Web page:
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[368a] pleased by their words on this occasion, and said:“ It was excellently spoken of you, sons of the man we know,
1 in the beginning of the elegy which the admirer2 of Glaucon wrote when you distinguished yourselves in the battle of Megara3—'Sons of Ariston,4 whose race from a glorious sire is god-like.' This, my friends, I think, was well said. For there must indeed be a touch of the god-like in your disposition if you are not convinced that injustice is preferable to justice though you can plead its case in such fashion.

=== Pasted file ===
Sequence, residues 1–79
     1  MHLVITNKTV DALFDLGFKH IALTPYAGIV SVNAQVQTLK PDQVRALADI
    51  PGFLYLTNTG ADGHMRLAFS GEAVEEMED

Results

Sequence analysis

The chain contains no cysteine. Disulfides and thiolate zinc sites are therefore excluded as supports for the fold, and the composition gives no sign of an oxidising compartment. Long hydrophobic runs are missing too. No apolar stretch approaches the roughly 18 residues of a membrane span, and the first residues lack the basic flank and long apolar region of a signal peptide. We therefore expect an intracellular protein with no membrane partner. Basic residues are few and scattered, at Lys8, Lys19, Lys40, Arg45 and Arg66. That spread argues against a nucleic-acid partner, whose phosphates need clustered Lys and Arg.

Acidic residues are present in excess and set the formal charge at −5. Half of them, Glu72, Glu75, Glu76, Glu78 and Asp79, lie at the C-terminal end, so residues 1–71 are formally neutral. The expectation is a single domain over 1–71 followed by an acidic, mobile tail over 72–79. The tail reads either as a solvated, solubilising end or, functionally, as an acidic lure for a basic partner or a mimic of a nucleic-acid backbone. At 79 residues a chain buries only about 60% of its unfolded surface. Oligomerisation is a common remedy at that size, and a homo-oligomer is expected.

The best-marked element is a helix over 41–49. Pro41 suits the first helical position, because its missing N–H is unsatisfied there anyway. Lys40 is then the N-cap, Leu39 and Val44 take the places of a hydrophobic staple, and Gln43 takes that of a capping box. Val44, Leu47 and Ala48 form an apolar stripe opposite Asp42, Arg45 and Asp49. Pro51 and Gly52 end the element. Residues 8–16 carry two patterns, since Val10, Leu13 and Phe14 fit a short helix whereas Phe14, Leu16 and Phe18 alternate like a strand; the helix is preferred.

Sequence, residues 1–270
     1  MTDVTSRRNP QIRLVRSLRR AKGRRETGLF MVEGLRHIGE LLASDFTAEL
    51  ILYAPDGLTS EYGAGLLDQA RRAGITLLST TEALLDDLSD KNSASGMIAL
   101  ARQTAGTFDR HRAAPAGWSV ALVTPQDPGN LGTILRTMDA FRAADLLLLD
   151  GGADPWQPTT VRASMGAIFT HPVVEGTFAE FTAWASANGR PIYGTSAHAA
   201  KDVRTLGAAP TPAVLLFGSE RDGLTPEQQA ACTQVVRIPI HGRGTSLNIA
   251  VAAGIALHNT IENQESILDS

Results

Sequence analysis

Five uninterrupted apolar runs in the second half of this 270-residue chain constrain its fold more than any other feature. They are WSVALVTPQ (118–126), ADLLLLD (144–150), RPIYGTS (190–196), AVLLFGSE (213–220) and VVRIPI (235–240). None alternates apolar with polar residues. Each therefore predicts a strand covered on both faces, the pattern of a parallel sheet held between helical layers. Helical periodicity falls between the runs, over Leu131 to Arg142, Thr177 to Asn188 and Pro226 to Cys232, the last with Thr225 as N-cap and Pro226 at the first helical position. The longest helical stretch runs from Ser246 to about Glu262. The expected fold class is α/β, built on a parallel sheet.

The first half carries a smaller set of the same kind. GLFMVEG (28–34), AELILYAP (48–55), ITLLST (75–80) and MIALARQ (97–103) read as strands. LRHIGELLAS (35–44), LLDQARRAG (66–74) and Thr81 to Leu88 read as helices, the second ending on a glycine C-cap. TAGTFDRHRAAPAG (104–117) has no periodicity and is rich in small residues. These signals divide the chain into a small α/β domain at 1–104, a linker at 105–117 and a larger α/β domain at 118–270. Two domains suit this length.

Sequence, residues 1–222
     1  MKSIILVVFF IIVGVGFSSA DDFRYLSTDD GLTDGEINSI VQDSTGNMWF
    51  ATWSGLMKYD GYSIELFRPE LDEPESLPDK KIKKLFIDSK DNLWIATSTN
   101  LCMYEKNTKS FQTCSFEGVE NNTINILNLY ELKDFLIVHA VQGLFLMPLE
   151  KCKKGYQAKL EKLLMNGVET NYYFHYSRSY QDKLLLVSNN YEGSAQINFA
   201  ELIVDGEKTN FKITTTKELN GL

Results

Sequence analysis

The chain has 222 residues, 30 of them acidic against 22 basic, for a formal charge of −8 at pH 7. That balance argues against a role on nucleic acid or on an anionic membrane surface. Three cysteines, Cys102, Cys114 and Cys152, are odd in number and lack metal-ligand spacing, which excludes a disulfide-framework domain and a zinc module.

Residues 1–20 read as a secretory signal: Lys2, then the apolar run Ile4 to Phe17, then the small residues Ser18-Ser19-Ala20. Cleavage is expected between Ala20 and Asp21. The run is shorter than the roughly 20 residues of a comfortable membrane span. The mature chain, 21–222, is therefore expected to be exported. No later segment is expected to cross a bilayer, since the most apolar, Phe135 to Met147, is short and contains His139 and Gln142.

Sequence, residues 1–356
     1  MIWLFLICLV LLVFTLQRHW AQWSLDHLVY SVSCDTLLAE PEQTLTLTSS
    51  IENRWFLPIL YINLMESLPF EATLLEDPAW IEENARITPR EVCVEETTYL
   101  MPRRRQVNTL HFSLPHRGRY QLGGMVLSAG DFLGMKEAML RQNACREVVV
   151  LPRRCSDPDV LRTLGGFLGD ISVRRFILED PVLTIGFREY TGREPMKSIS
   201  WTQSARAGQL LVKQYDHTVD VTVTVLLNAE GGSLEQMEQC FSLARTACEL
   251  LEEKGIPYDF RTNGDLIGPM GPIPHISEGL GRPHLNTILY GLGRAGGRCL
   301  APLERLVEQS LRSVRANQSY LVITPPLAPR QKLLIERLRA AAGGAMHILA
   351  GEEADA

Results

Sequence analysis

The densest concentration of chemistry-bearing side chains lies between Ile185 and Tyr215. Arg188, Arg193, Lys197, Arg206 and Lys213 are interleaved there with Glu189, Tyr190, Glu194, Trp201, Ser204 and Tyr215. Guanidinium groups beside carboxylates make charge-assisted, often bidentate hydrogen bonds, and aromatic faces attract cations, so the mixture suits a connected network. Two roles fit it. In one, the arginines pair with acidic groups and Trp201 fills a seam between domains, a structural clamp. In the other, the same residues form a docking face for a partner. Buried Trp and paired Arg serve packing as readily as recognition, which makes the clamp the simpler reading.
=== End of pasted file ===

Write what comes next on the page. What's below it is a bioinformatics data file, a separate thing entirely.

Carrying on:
1 Cf. my note in Class. Phil. 1917, vol. xii. p. 436. It does not refer to Thrasymachus facetiously as Adam fancies, but is an honorific expression borrowed from the Pythagoreans.

2 Possibly Critias.

3 Probably the battle of 409 B.C., reported in Diodor. Sic. xiii. 65. Cf. Introduction p. viii.

4 The implied pun on the name is made explicit in 580 C-D. Some have held that Glaucon and Adeimantus were uncles of Plato, but Zeller decides for the usual view that they wre brothers. Cf. Ph. d. Gr. ii. 1, 4th ed. 1889, p. 392, and Abhandl. d. Berl. Akad., 1873, Hist.-Phil Kl. pp. 86 ff.

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